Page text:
Favorite New TV Show of 2015 THE PLAYER — Cancelled by NBC, but being picked up by Netflix?!

 

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THE PLAYERAny chance you get to see Wesley Snipes kicking ass, is must see television as far as I’m concerned, so the recent announcement of NBC cancelling the series, after only a measly 9 episodes, when it has higher rastings than ELEMENTARY and CSI is misguided.

As misguided as TBS cancelling LONGMEYER.

But like LONGMEYER there’s a rumor out there that the action packed THE PLAYER may get picked up by Netflix, to finish their aborted series.

Here’s hoping!

 

 

Favorite Televsion Shows: OUTER LIMITS Season 1 What’s Hot & What’s Not!

HOT

THE MICE– The high contrast and deep focus photography of this episode by the brilliant Conrad Hall is a standout, as is the performances of all involved, particularly the always reliable Henry Silva as Chino, a convict asked to volunteer for a decidedly out of this world mission. And the episode is enriched by Diana Sands, a brilliant actress of stage and screen, who simply shines here as Dr. Julia Harrison. Directed by Alan Crosland Jr, a go to director for television for over three decades, it sports one of the more disturbing aliens. A Solidly captivating episode. B.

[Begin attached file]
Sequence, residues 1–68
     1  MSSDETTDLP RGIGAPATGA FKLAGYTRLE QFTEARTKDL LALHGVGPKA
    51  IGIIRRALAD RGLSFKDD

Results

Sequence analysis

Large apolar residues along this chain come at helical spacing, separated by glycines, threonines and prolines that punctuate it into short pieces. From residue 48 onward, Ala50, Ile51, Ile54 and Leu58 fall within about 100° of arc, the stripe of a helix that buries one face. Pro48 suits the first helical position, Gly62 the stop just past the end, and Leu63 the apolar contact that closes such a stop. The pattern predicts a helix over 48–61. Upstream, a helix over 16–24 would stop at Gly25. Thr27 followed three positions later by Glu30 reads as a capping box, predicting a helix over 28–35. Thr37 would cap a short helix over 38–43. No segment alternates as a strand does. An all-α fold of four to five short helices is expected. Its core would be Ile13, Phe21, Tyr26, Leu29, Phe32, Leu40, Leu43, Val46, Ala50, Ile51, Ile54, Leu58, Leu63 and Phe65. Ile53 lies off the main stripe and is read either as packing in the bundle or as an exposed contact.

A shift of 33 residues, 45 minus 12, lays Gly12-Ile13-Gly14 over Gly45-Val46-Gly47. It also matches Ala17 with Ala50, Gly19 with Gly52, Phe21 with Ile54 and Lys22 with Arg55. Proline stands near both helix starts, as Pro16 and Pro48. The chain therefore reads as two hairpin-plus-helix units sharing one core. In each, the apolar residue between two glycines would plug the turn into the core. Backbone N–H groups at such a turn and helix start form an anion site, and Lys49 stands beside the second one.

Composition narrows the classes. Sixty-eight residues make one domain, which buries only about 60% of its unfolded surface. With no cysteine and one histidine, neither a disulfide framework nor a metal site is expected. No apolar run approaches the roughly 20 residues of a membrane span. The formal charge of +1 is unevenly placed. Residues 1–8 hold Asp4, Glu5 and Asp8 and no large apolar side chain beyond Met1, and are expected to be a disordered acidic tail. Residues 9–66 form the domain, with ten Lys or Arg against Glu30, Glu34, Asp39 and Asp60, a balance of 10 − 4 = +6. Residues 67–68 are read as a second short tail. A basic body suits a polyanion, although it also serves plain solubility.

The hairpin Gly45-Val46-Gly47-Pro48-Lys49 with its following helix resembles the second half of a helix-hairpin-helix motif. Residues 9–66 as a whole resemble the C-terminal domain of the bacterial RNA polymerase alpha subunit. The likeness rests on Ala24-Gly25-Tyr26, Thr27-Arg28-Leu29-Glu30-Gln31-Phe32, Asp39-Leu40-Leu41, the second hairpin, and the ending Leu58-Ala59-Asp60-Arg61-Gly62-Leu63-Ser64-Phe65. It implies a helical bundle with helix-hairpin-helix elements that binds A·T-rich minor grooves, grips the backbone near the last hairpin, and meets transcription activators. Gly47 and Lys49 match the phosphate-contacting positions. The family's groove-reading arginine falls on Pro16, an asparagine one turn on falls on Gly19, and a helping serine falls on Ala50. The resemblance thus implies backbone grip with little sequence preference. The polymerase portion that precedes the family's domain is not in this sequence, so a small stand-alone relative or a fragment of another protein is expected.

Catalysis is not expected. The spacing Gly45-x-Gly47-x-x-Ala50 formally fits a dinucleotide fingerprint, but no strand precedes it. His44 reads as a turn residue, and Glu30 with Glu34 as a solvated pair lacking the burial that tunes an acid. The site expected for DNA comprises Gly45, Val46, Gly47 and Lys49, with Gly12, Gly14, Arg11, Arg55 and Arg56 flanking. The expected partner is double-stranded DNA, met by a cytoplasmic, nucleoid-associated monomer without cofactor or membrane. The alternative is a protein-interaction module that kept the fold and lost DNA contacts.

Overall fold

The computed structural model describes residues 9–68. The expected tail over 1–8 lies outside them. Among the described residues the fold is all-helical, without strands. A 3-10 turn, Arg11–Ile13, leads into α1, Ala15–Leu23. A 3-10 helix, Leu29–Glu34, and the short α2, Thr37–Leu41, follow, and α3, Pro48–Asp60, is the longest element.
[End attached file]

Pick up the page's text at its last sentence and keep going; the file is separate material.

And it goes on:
NOT

DON’T OPEN TILL DOOMSDAY – There has to be a point to this episode, but I find myself unable to locate it. Grade : Avoid. This is a decided miss.

 

Catch these episodes and more at Hulu today!

 

 

Currently Watching : Netflix’s JESSICA JONES

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Netflix continues to just hit it out of the park these days. As smart and succesful as Marvel Studios has been crafting the most succesful movie Franchise in history, Netflix is making those kinds of historic strides in the area of streaming entertainment.

The quality of the projects they produce and they purchase is just phenomenally high. They know how to pick and make great projects, from HOUSE OF CARDS to LONGMEYER to DAREDEVIL they have not just made good shows for a streaming channel, they are making great and groundbreaking television… by anyone’s definition.

JESSICA JONES, the 2nd of their Marvel Universe properties, continues that midas touch streak. Three episodes in and I’m loving it. It’s a different beast from DAREDEVIL, perhaps not as compulsively brilliant, it’s more of a slow burn, but so far that’s working out just fine.